Wednesday, October 27, 2004


Morgan's frigate filmed on ocean bed


IC Wales
Oct 26 2004
Gareth Morgan, Western Mail

THE ship of a real-life Welsh pirate of the Caribbean has been filmed for the first time after being discovered on the ocean floor.

Harri Morgan's lost frigate HMS Oxford sank off the coast of Haiti in 1669 as the result of an explosion believed to have been ignited by a celebratory pig roast.

The legendary Welsh buccaneer gained a fearsome reputation as a naval strategist and ruthless pirate operating against Britain's enemies, Spain, France and Holland.

The ship has not been seen for over 400 years but a team led by Rick Haupt and Bruce Leeming from specialist company Ocean Discovery Networks (ODN) found HMS Oxford off Isle Vache.

The search was filmed for an S4C documentary, Chwilio am Long Harry Morgan (Looking for Harri Morgan's Ship), presented by Lowri Morgan, who only last year travelled to the depths of the ocean to explore the Titanic.

She said she had heard of her fearsome namesake but did not realise his historical importance.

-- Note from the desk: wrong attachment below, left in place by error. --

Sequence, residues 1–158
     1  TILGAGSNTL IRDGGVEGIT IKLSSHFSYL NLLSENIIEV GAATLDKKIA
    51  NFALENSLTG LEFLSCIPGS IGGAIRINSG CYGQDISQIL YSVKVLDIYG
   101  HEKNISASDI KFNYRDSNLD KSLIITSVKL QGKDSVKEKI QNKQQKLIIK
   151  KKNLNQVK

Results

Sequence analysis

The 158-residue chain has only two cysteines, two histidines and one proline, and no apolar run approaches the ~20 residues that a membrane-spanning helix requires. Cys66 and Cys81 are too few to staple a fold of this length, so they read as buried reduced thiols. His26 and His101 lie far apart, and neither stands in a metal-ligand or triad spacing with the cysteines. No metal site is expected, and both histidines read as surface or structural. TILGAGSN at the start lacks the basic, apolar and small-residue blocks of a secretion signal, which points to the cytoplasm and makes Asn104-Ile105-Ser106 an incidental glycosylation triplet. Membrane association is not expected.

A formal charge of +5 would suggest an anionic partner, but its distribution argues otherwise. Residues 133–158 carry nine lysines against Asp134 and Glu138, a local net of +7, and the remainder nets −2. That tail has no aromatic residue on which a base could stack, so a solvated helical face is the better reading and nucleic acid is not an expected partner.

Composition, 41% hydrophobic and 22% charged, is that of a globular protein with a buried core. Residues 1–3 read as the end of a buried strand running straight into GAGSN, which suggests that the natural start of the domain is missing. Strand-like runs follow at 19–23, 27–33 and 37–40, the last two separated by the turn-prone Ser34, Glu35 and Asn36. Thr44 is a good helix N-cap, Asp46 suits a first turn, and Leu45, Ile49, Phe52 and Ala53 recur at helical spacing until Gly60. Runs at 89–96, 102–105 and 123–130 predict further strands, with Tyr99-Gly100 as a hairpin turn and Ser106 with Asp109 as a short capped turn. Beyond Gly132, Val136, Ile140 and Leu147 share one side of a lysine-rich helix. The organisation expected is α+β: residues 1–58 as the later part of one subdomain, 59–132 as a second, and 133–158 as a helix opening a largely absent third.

Lowri said, "In reality, he wasn't a pirate but a buccaneer who later gained the respect of England's King Charles II due to his military and naval prowess."

The 34-gun ship had in fact been sent to Morgan by the king to celebrate his appointment as Admiral in Chief of the Confederacy of Buccaneers and Morgan become Lieutenant Governor of Jamaica, where he died in 1688.

But Lowri says it is easy to see why pirates were drawn to the Caribbean.

"I saw amazing things on my journey under the sea including cannon balls covered in coral.

"There have been so many shipwrecks off the coast of Haiti that the locals believe that the magic of the Voodoo gods attracts vessels to the island."

Paul Calverley, the producer, added, "The discovery of the ship is an event of real historical significance, particularly to the Caribbean."

More about Morgan's biography here.

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